July 12, 2011 7:39 pm

Bank contagion fear resurfaces in the Eurozone

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The jitters are back. With policymakers and private-sector creditors of the Greek government dragging their feet over the terms of how Greece’s sovereign debt burden should be restructured, the contagion effect has firmly taken hold of the banking market again and investors have driven down shares and bonds across Europe.

After a period of relative calm for many banks, it seems a collection of triggers – political and economic hiccups in Italy and Friday’s looming publication of potentially disturbing European bank stress test results, as well as the growing frustration at the Greek impasse – have combined to spook the holders of bank paper.

Though Italian banks on Tuesday reversed some of the dramatic share price slump of previous days, the shares of French, German, Spanish and even non-eurozone lenders in the UK, have been suffering. Spain’s Santander pulled an asset-backed bond issue. Also in Spain, it emerged that the debt crisis was threatening to derail the planned flotations of Bankia and Banca Cívica, two unlisted savings banks.

There are two reasons for the spreading fear. First, there is the rather hazy issue of macroeconomic sentiment. Political tensions between Italian premium Silvio Berlusconi and his finance minister Giulio Tremonti, in part over economic policy, helped put the underlying Italian fiscal position under the microscope. With the financial health of Spain, Portugal and Ireland still in question – and by some measures Belgium and France, too – banks in those regions, as key economic proxies, and as big sovereign debt holders, are obvious targets for market bears. It is the nagging question mark hanging over Ireland, the UK’s biggest trading partner, that poses the biggest eurozone threat to British banks.

European banks' performance

Second, concerns are growing about the more complex interconnectedness of European financial groups. The stress test results should do something to clarify which banks are holding which risks, such as Greek sovereign debt, or Spanish real estate finance – so that the market becomes more discriminating in its bearishness. But analysts complain that key data points are still absent. Which institutions, for example, have been the big writers of sovereign debt credit default swaps – insurance policies that would pay out in the event of default?

The combined effect of those contagion concerns is increasingly persuading investors that buying or even holding European banks stocks is simply too risky at the moment. “The conventional wisdom is to say that if Greece defaults and the Greek banking system fails, even that would be manageable,” says one European banks analyst. Some of the biggest holders of Greek sovereign debt, such as France’s BNP Paribas, would be able to absorb even a 50 per cent “haircut” on the bonds with barely a murmur, given the scale of their capital cushions. “But to think like that is like saying a day before Lehman collapsed that I’m OK because I’ve only got $1 of Lehman shares,” he says. “There are chains of contagion that people are only now beginning to think about.”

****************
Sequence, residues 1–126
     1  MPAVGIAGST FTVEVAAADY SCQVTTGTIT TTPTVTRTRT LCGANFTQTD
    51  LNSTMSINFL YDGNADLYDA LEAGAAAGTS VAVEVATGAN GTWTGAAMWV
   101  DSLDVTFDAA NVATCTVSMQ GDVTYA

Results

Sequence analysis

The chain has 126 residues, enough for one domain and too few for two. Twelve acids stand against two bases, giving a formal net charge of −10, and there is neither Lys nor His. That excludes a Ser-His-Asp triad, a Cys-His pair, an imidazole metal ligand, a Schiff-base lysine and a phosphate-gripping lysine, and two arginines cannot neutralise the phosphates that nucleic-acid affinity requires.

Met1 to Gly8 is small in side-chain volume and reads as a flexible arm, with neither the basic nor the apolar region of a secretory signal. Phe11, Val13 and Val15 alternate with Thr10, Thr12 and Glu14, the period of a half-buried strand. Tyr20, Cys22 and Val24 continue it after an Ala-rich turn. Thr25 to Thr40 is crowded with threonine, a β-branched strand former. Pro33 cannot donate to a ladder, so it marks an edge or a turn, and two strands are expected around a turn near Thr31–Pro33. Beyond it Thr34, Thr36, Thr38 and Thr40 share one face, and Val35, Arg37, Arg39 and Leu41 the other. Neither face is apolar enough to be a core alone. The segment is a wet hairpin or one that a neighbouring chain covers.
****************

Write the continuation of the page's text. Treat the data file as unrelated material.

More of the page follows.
With much of the market’s focus shifted from Greece to Italy, suddenly the scale of the potential knock-on is magnified. Global banks’ exposure to Italy dwarfs their exposure in the three eurozone countries that have already been bailed out – Greece, Portugal and Ireland.

In fact, at $262bn, the aggregate sovereign claims of foreign banks on Italy exceeds their combined sovereign exposures to Greece, Ireland, Portugal and Spain, which totals about $226bn, according to research by analysts at Collins Stewart.

European banks account for about 90 per cent of international banking exposure to Italy and 84 per cent of sovereign exposure, with French and German banks – as in Greece – by far the most exposed. French banks hold nearly $98bn worth of Italian sovereign debt, while Germany holds $51.2bn, according to the Bank for International Settlements.

Italy is such an integral part of the financial system that most developed countries have a material exposure – Japan, for example, has a sovereign exposure of $29bn, according to Collins Stewart.

Within Italy itself, about 65 per cent of domestic banks’ own equity is exposed to the sovereign, according to the BIS. To put that number into context, nearly 100 per cent of Greek banks equity is exposed to Greek government bonds, against about 30 per cent in France and about 15 per cent in the UK, according to the BIS.

Less than two weeks ago, senior policymakers and bankers were convinced that a Greek parliamentary vote passing a tough package of austerity cuts would give them some breathing space to draft a comprehensive second bail-out package for Athens.

The markets, however, have refused to give them that time. “There are some minor concerns over Italian fundamentals, but nothing new,” says one banker. “Markets are panicking because of disenchantment over European policymaking.”

“This is a binary situation,” says another. “Either there will be a catastrophe, or there will be a slow grinding technocratic solution to this mess.” Neither scenario offers much reason to own European bank paper.

Mounting nervousness

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